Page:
Long-Term Care Insurance


4 min read

Long-Term Care Insurance


Caregivers and Family Paying for Senior Care

We tend to buy insurance for things we hope and expect never to need: Flood insurance for our home, collision insurance for our car, indemnity insurance for hospital stays. Yet while nearly half of older adults will need paid long-term care assistance at some point in their lives, many don’t have insurance for this predictable and potentially big-ticket expense. Here’s what you need to know about getting you and your loved ones covered.


What is long-term care insurance?

Traditional long-term care insurance policies reimburse for the cost of paid assistance with activities of daily living such as eating, dressing and bathing. The care may be provided either at one’s home or in a senior living facility, and is covered at a daily amount specified within the policy. If the policyholder ends up not needing long-term care, they (or their families) don’t collect any benefits.

Hybrid long-term care policies, which typically combine long-term care coverage with life insurance benefits, have become more popular in recent years. These policies tend to be more expensive, but they offer a life insurance payout in the event the policyholder doesn’t use the long-term care benefits.


What can I use it for?

Long-term care insurance typically covers skilled nursing care, therapy and help with activities of daily living. Many—but not all—policies cover assisted living, so if assisted living is part of your family’s plan be sure to find a policy that allows for it.


How much does it cost?

The cost of long-term care insurance varies widely based on the age of the policyholder when it is established, the reimbursement rate, and how many years the policy will pay. According to the American Association for Long-Term Care Insurance, a single female starting a traditional policy at age 55 would pay around $1,500 per year for $165,000 worth of coverage; the same coverage begun at age 60 would cost $1,960 per year, and $2,700 per year starting at age 65. For a higher annual premium, policyholders can select benefits that grow at a predetermined percentage each year to compensate for future inflation.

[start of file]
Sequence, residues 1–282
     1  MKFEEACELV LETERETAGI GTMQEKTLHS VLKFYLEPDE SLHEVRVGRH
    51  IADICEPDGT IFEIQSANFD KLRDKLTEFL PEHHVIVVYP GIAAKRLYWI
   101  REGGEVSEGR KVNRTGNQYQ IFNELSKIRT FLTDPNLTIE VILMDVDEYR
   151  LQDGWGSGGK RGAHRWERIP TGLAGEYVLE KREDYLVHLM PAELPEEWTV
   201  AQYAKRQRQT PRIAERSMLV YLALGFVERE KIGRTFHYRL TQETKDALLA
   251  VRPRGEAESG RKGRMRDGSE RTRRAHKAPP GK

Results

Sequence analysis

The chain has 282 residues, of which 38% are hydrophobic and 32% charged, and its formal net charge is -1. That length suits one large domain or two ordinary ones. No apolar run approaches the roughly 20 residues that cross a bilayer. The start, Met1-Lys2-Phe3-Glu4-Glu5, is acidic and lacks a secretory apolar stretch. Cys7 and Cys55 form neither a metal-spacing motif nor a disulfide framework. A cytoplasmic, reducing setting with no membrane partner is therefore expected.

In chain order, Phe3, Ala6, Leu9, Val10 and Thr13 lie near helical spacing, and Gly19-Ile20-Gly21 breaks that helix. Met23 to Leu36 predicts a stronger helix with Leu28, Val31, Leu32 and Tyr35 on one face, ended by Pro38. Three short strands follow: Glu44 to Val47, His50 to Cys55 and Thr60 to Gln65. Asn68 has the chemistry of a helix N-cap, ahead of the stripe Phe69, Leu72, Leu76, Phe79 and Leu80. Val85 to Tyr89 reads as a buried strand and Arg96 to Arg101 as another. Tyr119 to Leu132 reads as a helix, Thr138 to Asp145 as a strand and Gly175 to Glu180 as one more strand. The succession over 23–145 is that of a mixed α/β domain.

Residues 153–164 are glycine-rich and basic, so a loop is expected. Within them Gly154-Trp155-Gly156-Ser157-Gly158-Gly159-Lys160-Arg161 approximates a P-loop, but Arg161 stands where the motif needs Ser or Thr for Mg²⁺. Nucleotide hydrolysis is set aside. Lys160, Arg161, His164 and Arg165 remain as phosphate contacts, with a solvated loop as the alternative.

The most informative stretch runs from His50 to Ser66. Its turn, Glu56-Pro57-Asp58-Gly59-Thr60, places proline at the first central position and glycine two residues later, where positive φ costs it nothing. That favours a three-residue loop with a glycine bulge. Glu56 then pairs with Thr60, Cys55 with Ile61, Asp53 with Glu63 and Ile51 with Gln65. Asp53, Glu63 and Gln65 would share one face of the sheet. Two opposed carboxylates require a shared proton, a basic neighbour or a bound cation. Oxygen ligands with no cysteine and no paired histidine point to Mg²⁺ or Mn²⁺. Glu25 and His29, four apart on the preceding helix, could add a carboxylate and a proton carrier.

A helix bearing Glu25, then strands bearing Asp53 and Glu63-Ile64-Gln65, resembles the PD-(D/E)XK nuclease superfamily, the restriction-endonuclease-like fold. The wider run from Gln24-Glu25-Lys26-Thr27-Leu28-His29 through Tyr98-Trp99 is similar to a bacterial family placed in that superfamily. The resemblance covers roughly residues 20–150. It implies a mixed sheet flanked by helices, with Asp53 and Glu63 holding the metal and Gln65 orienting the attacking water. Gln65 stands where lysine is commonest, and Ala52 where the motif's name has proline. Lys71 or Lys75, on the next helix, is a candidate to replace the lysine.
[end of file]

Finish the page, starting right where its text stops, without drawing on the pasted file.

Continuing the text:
What’s not included?

 Policy terms vary, but often they do not cover care related to alcoholism or drug abuse, or preexisting conditions for a fixed period of time after the policy takes effect.


Who is eligible?

 Policyholders generally are eligible to start collecting benefits once they are cognitively impaired or unable to complete a set number of activities of daily life. They usually must also wait out the ‘elimination period’—normally a 90-day waiting period from when they start needing care until benefits kick in.


How do I get it?

Insurance agents, brokers and financial planners sell long-term care coverage directly, but offerings are state-regulated and vary depending on location. For help finding an insurer in your area, visit LongTermCare.gov.


When should I get it?

 The American Association of Retired Persons recommends starting the long-term care insurance conversation in your 50s and locking in coverage by age 65. Premiums increase according to the age of the policyholder, and beyond age 70 nearly half of prospective new policy applicants are denied.


Contemplating the next chapter in your loved one’s story? Click here to learn more about Bickford Senior Living and to find a branch near you.